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3 Keys to Success in College

Foster the humility to learn, find a vocation, and connect.‎

Key points

  • Although students come to universities to learn, there is often a barrier that prevents them from doing so—the vice of “knowingness.”
  • Many college students adopt an attitude of “careerism” and pursue marketable majors that will increase their chances of getting a job.
  • With immigrants and refugees coming from different parts of the world, connecting with people becomes an especially challenging task.

Many students and teachers are concerned with how to succeed in college—in large part because we live in challenging times where "knowingness" and "careerism" run rampant. Especially for students who are overwhelmed with the reality of the world, these three keys may increase the chances of their success.

1. Humility to learn.

The mission of any university is to create and disseminate knowledge. Although students come to the university to learn, there is often a barrier that prevents them from learning—the vice of “knowingness.”

Students feel pressured to have the right answer to each question. They get the impression—whether perceived or real—that professors ask questions to get the right answer. It is an unspoken norm that students should remain silent unless they have either the right answer or an insightful comment.

However, this atmosphere discourages students from making mistakes and therefore from creative learning. It also creates a classroom culture where students are afraid of saying the “wrong thing” lest they sound “stupid” to their peers and teachers.

To counter this unhealthy atmosphere, students and teachers should remember the main mission of the university. If students already knew everything, then they wouldn't need to attend the university. Although the humility to learn is in large part an individual attitude, it also requires collective efforts from peers and teachers: We need to create a space where learning mistakes are not only tolerated but welcomed. If students aim to have a transformative learning experience in college, I argue, we need to address the vice of “knowingness.”

2. Humility to find a vocation.

Many students have serious trepidations about finding jobs after college, so they focus on pursuing the most marketable majors that will increase their chances of getting a job in the fiercely competitive job market. This is the vice of “careerism,” by which students base their decisions primarily on economic and capitalistic factors while ignoring their passion and failing to explore their creativity.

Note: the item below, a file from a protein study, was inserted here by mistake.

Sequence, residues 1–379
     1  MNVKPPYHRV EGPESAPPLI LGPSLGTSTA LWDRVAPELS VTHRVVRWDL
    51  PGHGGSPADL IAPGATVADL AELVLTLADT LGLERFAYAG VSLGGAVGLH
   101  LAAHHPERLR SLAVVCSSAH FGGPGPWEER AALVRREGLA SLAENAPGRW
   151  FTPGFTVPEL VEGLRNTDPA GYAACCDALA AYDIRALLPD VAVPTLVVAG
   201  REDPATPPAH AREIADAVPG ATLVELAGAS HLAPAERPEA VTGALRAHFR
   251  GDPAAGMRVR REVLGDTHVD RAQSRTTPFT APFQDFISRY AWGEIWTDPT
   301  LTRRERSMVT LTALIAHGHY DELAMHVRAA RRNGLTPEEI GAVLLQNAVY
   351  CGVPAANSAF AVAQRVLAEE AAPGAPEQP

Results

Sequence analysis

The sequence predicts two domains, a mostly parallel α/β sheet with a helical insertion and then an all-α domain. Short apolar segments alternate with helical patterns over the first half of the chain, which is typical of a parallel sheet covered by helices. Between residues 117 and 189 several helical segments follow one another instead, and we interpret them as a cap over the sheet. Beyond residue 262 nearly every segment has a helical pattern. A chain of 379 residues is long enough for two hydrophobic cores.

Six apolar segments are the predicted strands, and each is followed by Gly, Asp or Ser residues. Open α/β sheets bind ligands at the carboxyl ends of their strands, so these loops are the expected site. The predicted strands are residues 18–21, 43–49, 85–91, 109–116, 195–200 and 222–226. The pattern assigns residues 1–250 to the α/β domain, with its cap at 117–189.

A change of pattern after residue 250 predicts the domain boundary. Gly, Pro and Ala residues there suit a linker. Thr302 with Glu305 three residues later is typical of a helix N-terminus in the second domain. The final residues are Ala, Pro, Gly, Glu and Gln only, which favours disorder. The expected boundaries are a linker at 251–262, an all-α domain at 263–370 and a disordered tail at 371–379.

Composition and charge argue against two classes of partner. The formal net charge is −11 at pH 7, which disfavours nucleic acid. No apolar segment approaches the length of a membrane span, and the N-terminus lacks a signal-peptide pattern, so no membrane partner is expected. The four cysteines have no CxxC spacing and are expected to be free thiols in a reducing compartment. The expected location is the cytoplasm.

Here we are confronting societal conditions and the reality of the world. Students must respond to those big factors—and often, they do so by investing in a path that will make them attractive to the most profitable employers. In isolation, it may be a smart economic choice.

Yet done over and over, it creates a world devoid of creativity since every investment is calculated through economic factors. When students are deciding which classes to attend, they may not ask whether they find the class “interesting” but instead whether their prospective employers will find the class “relevant.”

3. Humility to connect.

The university is not only a place of learning but a place of socialization. For immigrants and refugees who come from different parts of the world, connecting with people becomes a particularly challenging task.

Making friends and influencing people is both a science and an art—and very few people can adeptly connect with people from various ethnic, linguistic, and racial backgrounds. Given such diversity, it certainly requires humility to have meaningful connections with people.

No one can learn in a vacuum and the most profound moments of learning happen in relation to other people. Learning is not only a cognitive process but also a social experience. If we cannot connect with our peers and teachers, it will hinder our learning.

But connecting with people is a “mutual transaction”—two people cannot connect unless both have a shared atmosphere and understanding. Therefore, forming genuine connections becomes a challenging social interaction, especially for marginalized students in U.S. colleges and universities, such as first-generation students and those whom I call zero-generation students.


To succeed in college, students should cultivate the humility to learn, find a vocation, and connect. Humility is an attitude in which making mistakes is not only tolerated but welcomed.

However, humility does not mean that we should not learn from those sometimes humiliating missteps—and positive psychology can facilitate this cognitive reframing. Humility is not a tool to hack through college but a tool to transform the college experience.

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